The Lion Cub Can Grow Again: Season One Episode Two
Welcome, weebs, to Animated Observations
Well, here we are again, taking a look at the second episode of season one of March Comes in Like a Lion in my re-watch/analysis series. In the last post, I touched on how the first episode served as a great character introduction to Rei, setting up the main story threads that will follow him throughout the series, that being both the relationship with his adopted family, but also the love and support he gets from the Kawamoto sisters. With that being said, lets get right into the next episode.
The second episode of March Comes in Like a Lion is used largely to build on the relationship established in the first episode between Rei and the Kawamoto sisters, with the introduction of some other important characters sprinkled in.
Following with the end of the first episode, in the opening minutes of episode two the show introduces Nikaido, Rei’s self-declared rival and later on best friend. The show also quickly establishes Nikaido’s family wealth when Rei asks where “that guy that follows you around is?” to which Nikaido replies “Oh, my servant, he is on vacation.” The two chat about an upcoming Shogi invitational before, heading up to Rei’s apartment and revealing his current disinterest in anything having to do with him.
The next morning, Rei heads to his qualifying match for the NHK tournament. It is at this point, while walking to the train station across the bridge that one of the few things he genuinely likes is the river, and that despite their being a train station closer to his house, on match days he crosses the bridge just to see the river.
It may seem like an insignificant detail, but considering what has already been revealed about Rei’s personality up to this point, it actually gives a lot of context to why he might be in this town in the first place. Also, since this does not fit anywhere else, I thought I should go ahead and mention that the show uses a lot of water metaphors, something I talked about in a different article.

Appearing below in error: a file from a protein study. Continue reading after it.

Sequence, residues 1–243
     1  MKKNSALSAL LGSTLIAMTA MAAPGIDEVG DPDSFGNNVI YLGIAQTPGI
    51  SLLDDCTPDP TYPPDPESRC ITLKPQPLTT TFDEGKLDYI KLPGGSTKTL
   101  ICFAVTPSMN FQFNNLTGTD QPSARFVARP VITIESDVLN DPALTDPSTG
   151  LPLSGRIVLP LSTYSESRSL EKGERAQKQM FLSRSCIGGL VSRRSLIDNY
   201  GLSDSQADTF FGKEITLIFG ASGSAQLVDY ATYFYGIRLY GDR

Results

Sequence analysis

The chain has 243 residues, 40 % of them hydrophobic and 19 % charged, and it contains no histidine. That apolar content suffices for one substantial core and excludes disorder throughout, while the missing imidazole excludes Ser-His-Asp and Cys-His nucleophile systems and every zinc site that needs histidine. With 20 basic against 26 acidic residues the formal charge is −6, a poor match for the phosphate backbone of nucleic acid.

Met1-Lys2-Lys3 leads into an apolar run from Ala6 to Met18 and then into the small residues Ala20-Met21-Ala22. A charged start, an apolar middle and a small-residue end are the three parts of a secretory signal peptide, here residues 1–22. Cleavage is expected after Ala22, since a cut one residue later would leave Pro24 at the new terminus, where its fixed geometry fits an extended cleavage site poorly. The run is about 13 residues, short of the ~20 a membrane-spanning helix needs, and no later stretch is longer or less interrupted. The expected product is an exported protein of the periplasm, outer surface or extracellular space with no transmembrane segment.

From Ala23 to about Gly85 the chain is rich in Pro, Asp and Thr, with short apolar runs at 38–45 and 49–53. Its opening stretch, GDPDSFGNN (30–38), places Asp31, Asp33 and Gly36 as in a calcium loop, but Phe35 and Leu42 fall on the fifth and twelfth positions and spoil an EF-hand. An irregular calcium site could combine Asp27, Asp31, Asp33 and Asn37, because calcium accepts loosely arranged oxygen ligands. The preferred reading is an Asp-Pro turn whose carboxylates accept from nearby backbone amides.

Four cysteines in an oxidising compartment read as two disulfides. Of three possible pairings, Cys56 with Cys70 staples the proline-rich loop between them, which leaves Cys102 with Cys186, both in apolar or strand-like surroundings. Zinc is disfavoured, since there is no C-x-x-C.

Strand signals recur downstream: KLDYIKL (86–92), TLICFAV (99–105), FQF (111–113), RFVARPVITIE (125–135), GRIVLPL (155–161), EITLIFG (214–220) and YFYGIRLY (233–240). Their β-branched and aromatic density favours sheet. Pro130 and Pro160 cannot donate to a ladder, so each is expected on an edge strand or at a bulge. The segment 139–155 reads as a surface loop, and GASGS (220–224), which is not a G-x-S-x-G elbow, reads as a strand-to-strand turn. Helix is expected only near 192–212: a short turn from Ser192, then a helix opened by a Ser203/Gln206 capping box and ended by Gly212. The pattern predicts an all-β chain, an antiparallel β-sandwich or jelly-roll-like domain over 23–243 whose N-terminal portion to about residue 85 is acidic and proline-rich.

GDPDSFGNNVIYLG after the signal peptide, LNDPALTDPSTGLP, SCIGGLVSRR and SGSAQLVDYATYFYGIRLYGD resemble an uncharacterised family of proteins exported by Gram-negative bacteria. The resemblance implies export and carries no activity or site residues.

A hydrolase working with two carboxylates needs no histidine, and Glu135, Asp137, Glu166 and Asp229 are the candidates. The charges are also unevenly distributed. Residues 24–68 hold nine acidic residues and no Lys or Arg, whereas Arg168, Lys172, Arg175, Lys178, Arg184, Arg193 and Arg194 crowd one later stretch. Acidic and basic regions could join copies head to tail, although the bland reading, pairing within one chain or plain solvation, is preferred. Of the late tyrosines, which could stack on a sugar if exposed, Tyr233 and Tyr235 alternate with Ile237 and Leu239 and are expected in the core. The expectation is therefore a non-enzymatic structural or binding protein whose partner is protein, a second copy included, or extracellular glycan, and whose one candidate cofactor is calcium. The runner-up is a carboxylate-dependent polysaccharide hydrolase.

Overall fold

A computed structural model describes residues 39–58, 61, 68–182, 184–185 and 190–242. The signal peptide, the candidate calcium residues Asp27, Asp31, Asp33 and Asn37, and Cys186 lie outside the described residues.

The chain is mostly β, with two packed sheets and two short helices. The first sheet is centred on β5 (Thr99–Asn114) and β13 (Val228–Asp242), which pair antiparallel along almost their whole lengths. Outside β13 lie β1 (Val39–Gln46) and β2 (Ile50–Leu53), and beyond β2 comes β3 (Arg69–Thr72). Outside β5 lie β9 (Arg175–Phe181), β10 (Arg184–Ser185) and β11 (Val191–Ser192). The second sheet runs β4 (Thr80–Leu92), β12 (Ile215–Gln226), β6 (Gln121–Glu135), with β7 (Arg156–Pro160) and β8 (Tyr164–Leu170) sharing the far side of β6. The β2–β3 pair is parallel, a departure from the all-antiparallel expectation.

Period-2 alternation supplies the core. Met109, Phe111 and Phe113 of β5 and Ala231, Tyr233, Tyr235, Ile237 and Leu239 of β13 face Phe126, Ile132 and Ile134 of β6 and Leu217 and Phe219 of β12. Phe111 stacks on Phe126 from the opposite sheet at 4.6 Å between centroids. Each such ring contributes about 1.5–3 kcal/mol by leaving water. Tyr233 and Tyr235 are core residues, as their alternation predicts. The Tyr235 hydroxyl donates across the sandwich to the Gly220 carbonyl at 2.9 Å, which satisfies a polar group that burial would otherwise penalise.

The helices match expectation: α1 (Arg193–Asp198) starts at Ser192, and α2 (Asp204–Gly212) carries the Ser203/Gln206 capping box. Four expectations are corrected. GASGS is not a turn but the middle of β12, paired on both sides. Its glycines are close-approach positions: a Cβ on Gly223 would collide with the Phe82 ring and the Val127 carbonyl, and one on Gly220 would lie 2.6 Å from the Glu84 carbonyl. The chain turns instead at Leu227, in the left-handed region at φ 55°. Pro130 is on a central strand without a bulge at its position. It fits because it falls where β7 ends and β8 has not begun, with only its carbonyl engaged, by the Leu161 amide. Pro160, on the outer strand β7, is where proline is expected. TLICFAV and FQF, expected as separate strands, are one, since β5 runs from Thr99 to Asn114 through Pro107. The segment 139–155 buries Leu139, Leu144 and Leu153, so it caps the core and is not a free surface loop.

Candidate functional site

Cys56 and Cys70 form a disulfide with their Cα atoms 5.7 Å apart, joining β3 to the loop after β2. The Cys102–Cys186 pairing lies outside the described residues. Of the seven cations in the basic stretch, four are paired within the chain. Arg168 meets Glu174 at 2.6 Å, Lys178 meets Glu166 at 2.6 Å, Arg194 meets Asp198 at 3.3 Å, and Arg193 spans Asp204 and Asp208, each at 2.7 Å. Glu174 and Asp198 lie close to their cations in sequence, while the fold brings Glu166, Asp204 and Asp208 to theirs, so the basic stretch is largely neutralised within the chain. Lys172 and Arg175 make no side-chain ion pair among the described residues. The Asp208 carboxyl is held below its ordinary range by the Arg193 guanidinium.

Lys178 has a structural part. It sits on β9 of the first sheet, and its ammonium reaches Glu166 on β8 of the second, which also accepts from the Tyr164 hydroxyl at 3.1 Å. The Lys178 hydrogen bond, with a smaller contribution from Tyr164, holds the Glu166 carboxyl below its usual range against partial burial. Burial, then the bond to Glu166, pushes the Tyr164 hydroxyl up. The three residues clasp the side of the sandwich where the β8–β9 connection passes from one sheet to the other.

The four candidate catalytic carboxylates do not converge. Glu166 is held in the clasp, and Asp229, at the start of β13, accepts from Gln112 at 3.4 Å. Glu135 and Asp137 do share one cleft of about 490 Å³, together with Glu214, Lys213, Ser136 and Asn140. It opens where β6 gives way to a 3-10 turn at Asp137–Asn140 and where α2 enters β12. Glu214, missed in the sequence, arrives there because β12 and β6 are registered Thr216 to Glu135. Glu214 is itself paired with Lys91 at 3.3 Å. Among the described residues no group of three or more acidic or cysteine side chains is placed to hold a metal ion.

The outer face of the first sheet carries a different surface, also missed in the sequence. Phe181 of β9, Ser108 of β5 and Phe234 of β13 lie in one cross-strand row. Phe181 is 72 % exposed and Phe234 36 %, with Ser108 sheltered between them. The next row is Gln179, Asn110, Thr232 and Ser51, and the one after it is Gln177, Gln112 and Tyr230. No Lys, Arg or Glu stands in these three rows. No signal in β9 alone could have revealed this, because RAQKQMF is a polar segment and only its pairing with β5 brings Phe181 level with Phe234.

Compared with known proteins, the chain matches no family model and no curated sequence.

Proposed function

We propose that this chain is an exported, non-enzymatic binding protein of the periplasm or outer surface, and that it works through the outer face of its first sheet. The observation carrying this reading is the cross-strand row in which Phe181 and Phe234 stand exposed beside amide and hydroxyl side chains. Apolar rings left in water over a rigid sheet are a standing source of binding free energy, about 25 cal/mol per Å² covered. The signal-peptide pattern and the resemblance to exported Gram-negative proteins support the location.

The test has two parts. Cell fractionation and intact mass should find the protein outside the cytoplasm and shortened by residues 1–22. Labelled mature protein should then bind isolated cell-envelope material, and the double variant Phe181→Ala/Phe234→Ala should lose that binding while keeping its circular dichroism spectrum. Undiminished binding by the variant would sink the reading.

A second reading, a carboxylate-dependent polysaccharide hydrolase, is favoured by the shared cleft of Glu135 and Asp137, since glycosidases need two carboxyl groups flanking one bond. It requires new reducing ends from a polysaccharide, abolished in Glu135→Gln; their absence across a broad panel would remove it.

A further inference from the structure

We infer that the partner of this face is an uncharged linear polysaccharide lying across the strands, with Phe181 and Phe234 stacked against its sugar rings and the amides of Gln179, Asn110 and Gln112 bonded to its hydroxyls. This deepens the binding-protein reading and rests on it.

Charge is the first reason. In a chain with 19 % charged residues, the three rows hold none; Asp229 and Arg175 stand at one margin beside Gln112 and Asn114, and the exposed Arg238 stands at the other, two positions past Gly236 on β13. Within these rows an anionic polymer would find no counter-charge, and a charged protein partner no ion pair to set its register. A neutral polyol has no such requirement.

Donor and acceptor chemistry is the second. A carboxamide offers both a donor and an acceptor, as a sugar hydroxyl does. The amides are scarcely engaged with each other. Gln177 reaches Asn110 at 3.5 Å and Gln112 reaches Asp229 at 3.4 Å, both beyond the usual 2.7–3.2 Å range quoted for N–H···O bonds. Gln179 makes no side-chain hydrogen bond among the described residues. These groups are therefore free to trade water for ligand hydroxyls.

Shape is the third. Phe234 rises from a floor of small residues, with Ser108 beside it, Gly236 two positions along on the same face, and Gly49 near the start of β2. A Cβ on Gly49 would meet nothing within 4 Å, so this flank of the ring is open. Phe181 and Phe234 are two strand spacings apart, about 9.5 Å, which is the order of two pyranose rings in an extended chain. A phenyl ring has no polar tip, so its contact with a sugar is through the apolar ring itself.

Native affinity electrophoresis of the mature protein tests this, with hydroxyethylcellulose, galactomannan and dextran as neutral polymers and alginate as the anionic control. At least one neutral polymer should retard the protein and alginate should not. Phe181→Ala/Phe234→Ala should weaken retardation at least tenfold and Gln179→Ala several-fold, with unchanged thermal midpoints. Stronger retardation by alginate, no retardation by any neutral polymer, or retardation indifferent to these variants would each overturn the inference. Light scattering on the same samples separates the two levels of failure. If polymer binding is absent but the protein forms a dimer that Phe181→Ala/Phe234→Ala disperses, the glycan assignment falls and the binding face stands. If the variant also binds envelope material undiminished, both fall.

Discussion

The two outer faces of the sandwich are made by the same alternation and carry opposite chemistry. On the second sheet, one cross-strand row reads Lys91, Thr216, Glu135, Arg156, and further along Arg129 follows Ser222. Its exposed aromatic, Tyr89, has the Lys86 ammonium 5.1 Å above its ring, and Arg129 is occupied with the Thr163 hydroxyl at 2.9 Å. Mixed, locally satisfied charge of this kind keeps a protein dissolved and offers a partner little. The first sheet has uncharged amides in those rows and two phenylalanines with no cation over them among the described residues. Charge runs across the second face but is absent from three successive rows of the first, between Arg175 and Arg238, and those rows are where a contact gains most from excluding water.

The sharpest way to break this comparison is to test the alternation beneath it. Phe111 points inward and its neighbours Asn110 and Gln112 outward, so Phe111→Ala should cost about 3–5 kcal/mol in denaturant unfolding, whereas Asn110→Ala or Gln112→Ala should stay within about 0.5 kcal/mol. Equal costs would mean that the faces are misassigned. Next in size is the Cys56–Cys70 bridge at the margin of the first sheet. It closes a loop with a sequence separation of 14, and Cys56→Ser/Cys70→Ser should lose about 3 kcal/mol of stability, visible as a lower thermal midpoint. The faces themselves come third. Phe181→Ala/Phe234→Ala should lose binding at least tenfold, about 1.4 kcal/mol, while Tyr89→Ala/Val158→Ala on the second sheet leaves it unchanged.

After Rei arrives at the Shogi club, the show introduces two new characters, Issa and Tatsuyuki, that play generally minor roles throughout the show, but for this episode are somewhat important. For his qualifying match, Rei plays against Issa, but beats him relatively quickly. It is revealed after he loses that Issa wanted to get into the tournament so that his grandpa could watch him from the hospital, since the tournament would be broadcast on national television. However, Tatsuyuki quickly lightens the mood by suggesting the three should go out for drinks and that Rei would be buying, not forgetting to mention that the place they would be going is the same place Akari works.
It is at this point in the episode where the show reveals the backstory of how Rei and the Kawamoto sisters met. While the three are having a good time drinking, Rei of course not drinking alcohol because he is a minor, Akari comments on how nice Issa and Tatsuyuki seem to be, saying they are good senpais, but immediately after commenting on how there can also be bad senpais that would take advantage of a friend with a lot of money, and abandon them.
It is also worth mentioning the disdain Akari has on her face when she says this, seeming genuinely mad for the first time in the show, and this makes sense, given what comes after. The show flashes back to Rei abandoned on the street in front of the same club. Akari notices him lying there, and helps him back to her house. Considering his need to throw up, and waking up the next morning with his hand to his head, it is implied that the people he was with forced him to drink, something else Akari says she hates.
The latter third of the episode starts with Rei waking up, realizing he has no food, and going to the grocery store across the bridge. While there, picking up his usual assortment of cupped noodles and other treats, he runs into Momo, Hina, and Akari. Akari sees his shopping basket and comments that he never comes to dinner and prefers to eat cup noodles instead of her food. Feeling guilty, Rei chases after them as they turn around, after which Akari hands him an sticks used for Obon celebration, Obon being a celebration of one’s ancestors.
As the four of them, along with the girls grandpa, later gather at the sisters’ house, they enjoy each other company and eat. Grandpa asks Rei where his family is buried, revealing that Rei’s family is dead.
After dinner, Akari gives Rei the leftovers from their meal, telling him to heat it up in the microwave before eating it. She then says to come over again on Monday for the end of the Obon, where she will have a huge feast, saying “it is nice to have company over…” Rei does not hear the rest of what she says, but believes she meant to say “as a distraction.” This scene in the show does two things, 1) it establishes that Akari’s reason for having Rei over a lot is somewhat selfish, but also that 2) That the sisters are still very much grieving from the loss of their mother and grandmother.
Finally, the end of the first episode reveals that after the loss of his family, Rei felt emotionally forced into Shogi, saying “I had nothing else to do.” It has not been revealed yet exactly why this is the case, but nonetheless it establishes more context for Rei’s current life as a pro Shogi player.
Episode two of season one is all about providing more context, both for Rei and his current emotional struggle, and for his relationship with the Kawamoto sisters, as well as the pains they are going through. Overall, the episode is incredibly well executed.
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